Best Movies of All Time + Tony Kaye

Movie Recommendation: AMERICAN HISTORY X

I've never done a post like this before, but I think that instead of writing an entire review for a film that I've already seen, I'll just give you the reasons why I'm recommending it. Hopefully this will turn into a common type of post with films that I've seen before and am only re-watching because I enjoyed them so much the first (or second or third or three hundredth) time around. Enjoy the movie recommendation!


American History X is a 1998 film directed by Tony Kaye that tells its story through an essay written by Daniel Vinyard (Edward Furlong) that talks about his brother's involvement in the skinhead scene in Venice Beach. Derek (Edward Norton) reigns king-supreme until he is charged with voluntary manslaughter when he kills two African-American men - one in rather gratuitous fashion - attempting to steal his car. While incarcerated, Derek learns the error of his ways and commits himself to bettering himself and bringing his family away from the atrocities committed by his former gang. This proves to be more difficult than he had originally anticipated when he finds that his younger brother Daniel has crafted himself into Derek's heir apparent with the white supremacist troupe.

No one can talk about American History X (which I will refer to as AHX from this point forward, in order to save myself some typing) without talking about the performance given by Mr. Edward Norton. It's a role that garnered him his first - and to this date, sole - Academy Award nomination which he ultimately lost to Roberto Benigni. However, I've seen both of those films, and I personally think that Norton was robbed of that illustrious statuette. Norton essentially plays two distinct roles in AHX: the biased and bigoted but seemingly well-informed white supremacist, and the reformed and still highly-intelligent parolee who wants to straighten out his life. At times, he's over-the-top, but at other times, he brings it all in and takes a very subtle approach. It's easily a career-best performance for a man who's had a slew of fantastic roles.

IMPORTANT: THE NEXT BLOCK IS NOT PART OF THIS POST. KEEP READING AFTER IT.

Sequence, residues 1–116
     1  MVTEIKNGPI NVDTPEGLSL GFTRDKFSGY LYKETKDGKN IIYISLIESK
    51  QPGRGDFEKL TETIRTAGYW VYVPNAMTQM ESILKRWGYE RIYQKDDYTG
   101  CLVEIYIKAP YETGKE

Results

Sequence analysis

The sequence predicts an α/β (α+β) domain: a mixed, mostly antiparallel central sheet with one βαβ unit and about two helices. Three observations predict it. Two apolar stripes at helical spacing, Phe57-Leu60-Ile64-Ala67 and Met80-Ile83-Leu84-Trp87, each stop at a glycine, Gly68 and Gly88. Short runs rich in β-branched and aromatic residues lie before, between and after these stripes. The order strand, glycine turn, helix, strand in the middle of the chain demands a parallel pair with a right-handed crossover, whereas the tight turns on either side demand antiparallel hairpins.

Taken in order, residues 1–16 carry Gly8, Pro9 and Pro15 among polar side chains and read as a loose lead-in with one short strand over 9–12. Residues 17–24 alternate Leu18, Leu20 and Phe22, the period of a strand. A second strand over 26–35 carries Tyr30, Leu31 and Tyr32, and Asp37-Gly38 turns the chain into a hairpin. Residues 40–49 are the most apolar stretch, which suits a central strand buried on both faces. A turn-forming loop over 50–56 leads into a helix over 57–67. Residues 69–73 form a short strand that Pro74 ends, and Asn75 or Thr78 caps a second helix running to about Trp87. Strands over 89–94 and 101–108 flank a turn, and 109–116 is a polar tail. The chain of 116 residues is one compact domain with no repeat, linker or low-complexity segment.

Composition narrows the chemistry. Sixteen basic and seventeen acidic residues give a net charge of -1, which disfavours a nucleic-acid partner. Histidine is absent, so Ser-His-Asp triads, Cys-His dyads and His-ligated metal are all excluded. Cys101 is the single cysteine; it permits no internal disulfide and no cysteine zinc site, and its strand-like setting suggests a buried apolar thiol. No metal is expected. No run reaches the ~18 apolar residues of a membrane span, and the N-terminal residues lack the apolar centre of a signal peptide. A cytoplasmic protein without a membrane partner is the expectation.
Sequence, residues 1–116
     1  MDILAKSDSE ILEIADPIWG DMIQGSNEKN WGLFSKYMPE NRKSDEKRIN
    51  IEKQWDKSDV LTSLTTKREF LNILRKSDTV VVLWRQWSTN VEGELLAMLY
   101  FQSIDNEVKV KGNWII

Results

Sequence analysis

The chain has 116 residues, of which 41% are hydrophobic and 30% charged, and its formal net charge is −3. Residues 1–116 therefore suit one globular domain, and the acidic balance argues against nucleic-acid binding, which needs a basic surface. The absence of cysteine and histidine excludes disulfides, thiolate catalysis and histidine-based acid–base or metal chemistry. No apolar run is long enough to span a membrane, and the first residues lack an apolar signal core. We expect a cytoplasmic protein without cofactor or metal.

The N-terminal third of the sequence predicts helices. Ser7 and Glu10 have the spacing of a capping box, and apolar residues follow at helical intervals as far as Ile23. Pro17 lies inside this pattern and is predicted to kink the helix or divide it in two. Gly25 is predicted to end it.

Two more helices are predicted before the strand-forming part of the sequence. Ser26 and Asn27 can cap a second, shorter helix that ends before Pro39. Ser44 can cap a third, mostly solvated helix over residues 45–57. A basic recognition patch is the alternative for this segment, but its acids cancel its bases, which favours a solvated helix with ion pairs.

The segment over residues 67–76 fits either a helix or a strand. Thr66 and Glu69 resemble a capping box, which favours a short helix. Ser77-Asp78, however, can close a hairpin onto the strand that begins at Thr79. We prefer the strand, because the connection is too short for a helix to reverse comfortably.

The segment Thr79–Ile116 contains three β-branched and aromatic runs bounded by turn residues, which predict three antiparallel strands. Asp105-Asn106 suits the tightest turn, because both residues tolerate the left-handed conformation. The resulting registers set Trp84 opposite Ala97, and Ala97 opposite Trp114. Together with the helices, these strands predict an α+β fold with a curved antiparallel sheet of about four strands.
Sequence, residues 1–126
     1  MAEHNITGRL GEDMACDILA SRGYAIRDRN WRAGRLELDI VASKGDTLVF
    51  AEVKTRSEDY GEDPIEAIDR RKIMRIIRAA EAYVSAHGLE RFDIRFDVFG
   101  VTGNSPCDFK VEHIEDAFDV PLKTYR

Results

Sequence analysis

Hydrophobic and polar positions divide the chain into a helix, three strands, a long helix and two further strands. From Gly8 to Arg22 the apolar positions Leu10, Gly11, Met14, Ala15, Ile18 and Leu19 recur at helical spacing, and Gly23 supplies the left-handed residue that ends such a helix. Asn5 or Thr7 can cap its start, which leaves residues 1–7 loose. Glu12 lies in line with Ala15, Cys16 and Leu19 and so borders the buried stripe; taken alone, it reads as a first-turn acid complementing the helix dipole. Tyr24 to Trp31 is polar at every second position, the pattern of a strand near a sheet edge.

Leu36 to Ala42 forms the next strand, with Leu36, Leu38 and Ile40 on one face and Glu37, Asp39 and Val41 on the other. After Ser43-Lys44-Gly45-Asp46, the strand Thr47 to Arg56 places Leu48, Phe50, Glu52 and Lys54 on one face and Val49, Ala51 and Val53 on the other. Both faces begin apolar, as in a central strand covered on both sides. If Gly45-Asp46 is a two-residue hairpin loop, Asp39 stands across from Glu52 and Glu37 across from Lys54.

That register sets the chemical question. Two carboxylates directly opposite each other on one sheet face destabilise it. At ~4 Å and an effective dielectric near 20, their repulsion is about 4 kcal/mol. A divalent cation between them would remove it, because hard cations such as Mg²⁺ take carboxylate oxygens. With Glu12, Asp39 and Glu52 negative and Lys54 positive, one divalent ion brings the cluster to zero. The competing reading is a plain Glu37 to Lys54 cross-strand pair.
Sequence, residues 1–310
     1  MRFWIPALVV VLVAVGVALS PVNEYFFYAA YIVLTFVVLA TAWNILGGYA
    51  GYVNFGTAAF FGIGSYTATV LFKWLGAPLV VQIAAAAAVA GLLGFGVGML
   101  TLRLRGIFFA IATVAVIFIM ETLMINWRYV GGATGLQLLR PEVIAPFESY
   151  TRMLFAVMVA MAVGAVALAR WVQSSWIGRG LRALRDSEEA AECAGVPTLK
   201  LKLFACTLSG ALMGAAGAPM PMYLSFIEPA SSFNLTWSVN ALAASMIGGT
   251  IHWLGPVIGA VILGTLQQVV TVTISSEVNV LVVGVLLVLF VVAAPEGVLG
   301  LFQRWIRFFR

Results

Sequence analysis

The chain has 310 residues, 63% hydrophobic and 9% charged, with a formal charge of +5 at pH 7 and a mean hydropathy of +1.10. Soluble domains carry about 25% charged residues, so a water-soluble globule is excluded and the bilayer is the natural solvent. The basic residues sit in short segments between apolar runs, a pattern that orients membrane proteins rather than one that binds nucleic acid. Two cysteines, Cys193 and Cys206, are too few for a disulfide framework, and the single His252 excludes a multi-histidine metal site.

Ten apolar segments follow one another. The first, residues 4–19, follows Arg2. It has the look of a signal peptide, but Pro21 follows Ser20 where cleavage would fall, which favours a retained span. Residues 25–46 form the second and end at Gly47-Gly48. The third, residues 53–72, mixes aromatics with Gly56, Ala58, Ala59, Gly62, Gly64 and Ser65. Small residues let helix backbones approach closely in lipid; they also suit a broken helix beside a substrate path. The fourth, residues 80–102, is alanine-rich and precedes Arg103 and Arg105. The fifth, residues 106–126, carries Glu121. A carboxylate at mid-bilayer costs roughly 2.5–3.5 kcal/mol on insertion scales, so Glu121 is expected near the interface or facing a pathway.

While I'm on the topic, the rest of the cast fills out quite nicely. Furlong, who most will recognize as John Connor from 1991's Terminator 2: Judgment Day, plays an interesting and captivating character that I wished I could have hit and hugged all at the same time. It's like I wanted to smack some sense into his warped train of thought then fill him in on the realities of life. Furlong makes Daniel Vinyard very, very real. Beverly D'Angelo also gives a stirring display in a supporting role with a few moments that should've been enough to land her an Oscar nomination. But I suppose that's just my opinion.

I can't say enough about David McKenna's screenplay, and I'm shocked it didn't receive a slew of accolades back in 1998 and 1999. We're given an intense look at the psyche behind a powerful leader in a white supremacist movement. We get into his head and learn and understand the reasoning behind his hate-centered thought process. But what's really fantastic about the screenplay is that, while Derek still dabbles in his hate-mongering, he makes us believe that his ideals are the true and real ones that we should all believe and follow. Although we may not agree with these ideas at any other time, Derek draws us in and makes us believe that his word is law and should be followed to the letter. In my opinion, that makes his turn all the more powerful because we're experiencing that turn simultaneously, albeit from different perspectives. While Derek is experiencing this different train of thought for the first time, we're being led back into the light, so to speak. David McKenna takes us to the depths then brings us back to the surface, giving us a glimpse into something that, in today's 21st society, we may not and should never have to experience.

Now, most people who have seen this movie always refer to one particular scene (I'll just say it involves a death, but I won't go any further than that), but I know that there's so much more power in this film than just one singular act of violence. I personally find AHX to be one of the greatest films that has ever graced the silver screen, as evidenced by its current hold as my sixteenth greatest film of all time. I have yet to find anyone who wasn't satisfied with AHX, so I think you should do yourself a favor and give it a chance.

Best All-Time: #19

1998, American History X, Beverly D'Angelo, David McKenna, drama, Edward Furlong, Edward Norton, Oscar nom, recommendation, and more:

Relevant to: Movie Recommendation: AMERICAN HISTORY X + Tony Kaye